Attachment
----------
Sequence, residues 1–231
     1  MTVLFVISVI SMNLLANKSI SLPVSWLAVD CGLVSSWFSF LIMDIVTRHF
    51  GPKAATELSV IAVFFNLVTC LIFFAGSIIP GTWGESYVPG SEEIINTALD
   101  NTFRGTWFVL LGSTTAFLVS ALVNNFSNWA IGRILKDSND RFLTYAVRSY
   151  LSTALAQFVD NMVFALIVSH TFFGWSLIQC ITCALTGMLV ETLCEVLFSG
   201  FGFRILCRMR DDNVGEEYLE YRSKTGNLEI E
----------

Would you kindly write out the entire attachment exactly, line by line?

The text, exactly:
Sequence, residues 1–231
     1  MTVLFVISVI SMNLLANKSI SLPVSWLAVD CGLVSSWFSF LIMDIVTRHF
    51  GPKAATELSV IAVFFNLVTC LIFFAGSIIP GTWGESYVPG SEEIINTALD
   101  NTFRGTWFVL LGSTTAFLVS ALVNNFSNWA IGRILKDSND RFLTYAVRSY
   151  LSTALAQFVD NMVFALIVSH TFFGWSLIQC ITCALTGMLV ETLCEVLFSG
   201  FGFRILCRMR DDNVGEEYLE YRSKTGNLEI E